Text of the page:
What to Expect During the NDA Review Process

February 21, 2012

Compiling and submitting an NDA is a complicated and intensive activity. Once you have submitted your application to FDA, you may be curious about what can you expect to hear and when. Below are some of the common questions we receive from sponsors about what to expect during the NDA review process.

When will I know that my NDA has been accepted for filing?

You will know within 60 days of submitting your NDA whether it has been accepted for filing (or conversely, if FDA refuses to file your application due to lack of information or studies). If your application is accepted for filing (60 days after submission), then you will receive an FDA 74-day letter, which contains a planned NDA review timeline that varies based on several factors such as whether other similar drugs already exist or whether your drug treats an unmet medical need.

The FDA 74-Day letter also confirms your action date, confirms standard versus priority review, and identifies any preliminary deficiencies in your application. Sponsors must act quickly to resolve the deficiencies noted in the FDA 74-day letter during the NDA review process, so it’s advisable to seek outside assistance from an experienced compliance consultant.

How many information requests can we expect to receive during the NDA review process?

The answer is that it varies, and there really is no predicting how eventful your review will be. Throughout the course of the Agency’s review, there are likely to be issues that come up, but the number and significance of these requests will vary from application to application. Hopefully you took the time to ensure that all of the components of your NDA were accurate and complete, and you reviewed any previous correspondence with the Agency to make sure that all issues were addressed. However, FDA may request clarification on where information resides in your NDA, clarification on information you already provided, or they may request additional analyses. You should also be prepared for an inspection of the facility or facilities where the drug will be manufactured, which may result in additional requests.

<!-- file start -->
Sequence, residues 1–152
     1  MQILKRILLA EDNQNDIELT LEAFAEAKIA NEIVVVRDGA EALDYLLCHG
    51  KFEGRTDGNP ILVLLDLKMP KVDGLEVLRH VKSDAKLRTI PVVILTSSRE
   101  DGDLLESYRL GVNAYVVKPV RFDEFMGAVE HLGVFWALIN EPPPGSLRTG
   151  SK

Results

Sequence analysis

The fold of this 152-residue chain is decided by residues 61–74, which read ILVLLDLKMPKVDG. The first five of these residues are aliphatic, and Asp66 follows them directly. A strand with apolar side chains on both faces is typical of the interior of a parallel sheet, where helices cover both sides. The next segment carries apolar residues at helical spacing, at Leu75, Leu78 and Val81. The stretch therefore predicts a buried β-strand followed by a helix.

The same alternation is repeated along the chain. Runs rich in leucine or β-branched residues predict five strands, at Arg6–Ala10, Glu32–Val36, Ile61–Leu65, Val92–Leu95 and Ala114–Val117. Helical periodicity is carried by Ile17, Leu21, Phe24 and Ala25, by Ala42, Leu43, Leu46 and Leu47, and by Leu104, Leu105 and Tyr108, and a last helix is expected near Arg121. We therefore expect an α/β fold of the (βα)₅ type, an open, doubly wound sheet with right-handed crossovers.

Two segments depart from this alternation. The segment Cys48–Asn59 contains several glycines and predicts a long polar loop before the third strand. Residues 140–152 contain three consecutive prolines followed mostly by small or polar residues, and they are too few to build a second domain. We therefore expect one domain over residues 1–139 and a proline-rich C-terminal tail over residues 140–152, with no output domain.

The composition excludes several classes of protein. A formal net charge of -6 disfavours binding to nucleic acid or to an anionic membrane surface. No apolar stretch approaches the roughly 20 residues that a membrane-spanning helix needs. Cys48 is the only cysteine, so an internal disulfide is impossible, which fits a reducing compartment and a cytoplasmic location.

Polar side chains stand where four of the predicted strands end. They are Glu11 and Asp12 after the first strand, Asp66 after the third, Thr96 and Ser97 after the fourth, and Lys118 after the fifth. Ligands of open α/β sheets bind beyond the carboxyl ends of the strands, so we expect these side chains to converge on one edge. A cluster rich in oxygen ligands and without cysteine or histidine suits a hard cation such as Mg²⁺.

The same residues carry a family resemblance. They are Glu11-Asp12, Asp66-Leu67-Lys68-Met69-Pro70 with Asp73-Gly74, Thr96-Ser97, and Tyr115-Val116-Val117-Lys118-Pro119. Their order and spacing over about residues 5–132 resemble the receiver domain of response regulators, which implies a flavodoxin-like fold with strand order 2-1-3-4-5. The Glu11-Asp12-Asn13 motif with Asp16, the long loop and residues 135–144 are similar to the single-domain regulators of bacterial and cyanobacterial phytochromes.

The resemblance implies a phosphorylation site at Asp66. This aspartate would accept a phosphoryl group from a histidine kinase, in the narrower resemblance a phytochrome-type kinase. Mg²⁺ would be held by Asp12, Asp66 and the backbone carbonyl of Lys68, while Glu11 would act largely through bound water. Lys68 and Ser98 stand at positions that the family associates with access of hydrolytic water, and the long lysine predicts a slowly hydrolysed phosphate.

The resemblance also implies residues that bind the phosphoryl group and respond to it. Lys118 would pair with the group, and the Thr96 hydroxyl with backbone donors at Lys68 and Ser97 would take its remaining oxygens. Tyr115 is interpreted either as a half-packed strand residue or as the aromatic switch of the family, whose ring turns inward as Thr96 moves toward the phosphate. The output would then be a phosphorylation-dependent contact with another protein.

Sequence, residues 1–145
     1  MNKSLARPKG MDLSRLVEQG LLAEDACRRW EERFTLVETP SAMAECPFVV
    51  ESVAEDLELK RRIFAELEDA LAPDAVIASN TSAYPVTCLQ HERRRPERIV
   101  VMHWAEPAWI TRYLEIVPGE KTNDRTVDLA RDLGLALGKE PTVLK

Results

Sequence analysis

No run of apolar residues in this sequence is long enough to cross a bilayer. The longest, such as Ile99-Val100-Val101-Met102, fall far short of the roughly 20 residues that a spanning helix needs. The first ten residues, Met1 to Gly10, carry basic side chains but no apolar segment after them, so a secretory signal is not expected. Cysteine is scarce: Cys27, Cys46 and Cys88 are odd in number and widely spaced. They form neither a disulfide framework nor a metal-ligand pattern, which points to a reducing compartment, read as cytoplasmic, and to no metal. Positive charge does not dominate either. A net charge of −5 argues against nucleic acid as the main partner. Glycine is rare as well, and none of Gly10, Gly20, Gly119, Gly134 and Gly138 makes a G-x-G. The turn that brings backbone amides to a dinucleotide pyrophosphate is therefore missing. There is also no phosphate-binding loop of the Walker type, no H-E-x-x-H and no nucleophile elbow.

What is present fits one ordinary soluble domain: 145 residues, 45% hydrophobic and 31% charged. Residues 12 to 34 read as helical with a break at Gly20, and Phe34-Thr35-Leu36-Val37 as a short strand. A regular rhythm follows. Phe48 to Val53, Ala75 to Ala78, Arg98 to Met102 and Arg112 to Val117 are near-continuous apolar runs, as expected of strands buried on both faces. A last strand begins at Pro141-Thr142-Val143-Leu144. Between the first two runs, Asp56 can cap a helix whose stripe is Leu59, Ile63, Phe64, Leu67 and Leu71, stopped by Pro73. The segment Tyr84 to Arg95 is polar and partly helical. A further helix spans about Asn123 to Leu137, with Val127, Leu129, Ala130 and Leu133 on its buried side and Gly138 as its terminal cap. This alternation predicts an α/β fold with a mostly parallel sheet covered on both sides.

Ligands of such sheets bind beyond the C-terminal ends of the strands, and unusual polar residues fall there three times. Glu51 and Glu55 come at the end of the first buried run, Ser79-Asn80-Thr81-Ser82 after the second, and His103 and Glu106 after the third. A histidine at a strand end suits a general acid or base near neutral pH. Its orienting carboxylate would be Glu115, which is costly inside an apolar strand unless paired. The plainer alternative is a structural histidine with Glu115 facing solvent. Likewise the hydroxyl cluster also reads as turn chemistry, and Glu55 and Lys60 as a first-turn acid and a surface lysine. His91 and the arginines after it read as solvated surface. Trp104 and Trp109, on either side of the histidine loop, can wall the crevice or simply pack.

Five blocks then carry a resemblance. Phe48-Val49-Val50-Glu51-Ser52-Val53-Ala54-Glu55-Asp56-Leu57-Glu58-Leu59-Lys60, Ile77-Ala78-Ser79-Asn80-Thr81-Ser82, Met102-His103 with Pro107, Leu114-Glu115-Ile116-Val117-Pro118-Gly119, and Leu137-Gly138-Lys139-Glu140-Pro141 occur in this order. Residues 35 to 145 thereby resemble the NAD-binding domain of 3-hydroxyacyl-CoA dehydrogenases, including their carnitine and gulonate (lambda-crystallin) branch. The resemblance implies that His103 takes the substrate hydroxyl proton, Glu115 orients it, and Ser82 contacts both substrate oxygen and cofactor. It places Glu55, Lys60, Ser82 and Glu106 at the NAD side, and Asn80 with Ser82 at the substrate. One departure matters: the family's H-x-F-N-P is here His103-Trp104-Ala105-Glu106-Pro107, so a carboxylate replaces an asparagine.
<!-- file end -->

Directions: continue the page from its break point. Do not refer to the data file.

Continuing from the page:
Regardless of how many information requests you receive during the NDA review process, it is important that you make sure you understand what FDA is asking for and that you respond with information that is clear, comprehensive and transparent. This will help the reviewers understand your response and minimize the need for additional follow-up questions or requests. It is the sponsor’s responsibility to respond to these requests as soon as possible, as timely and complete responses help ensure that you don’t inadvertently push out your action date.

When does label negotiation occur during the NDA review process?

This very critical step takes place at the very end of the review, in many cases in the last two weeks. Tensions often run high during this period, since many parties have an interest in the final wording of the label. You should have developed strong, data-driven statements about your product prior to submission, but you need to be prepared to defend those statements now. Because timing and responsiveness is critical at this stage, all important members of your team should be available to review versions of labels and participate in calls on very short notice.

NDA submission and review timeline

The NDA review process is long and complex, so make sure you’re aware of what to expect during each step so you have plenty of time to prepare in advance. The FDA has provided the following NDA timeline to help visualize the entire process.

NDA Submission Review Timeline Chart
NDA Submission Review Timeline Timeline. (Source: FDA)

Whether you are compiling an NDA for submission or responding to requests during FDA review, it is important to remember that an NDA is the most important and most complex series of documents that you will need to assemble during your product’s lifecycle. An accurate and complete NDA is critical to ensuring a streamlined review and maximizing the likelihood of product approval.

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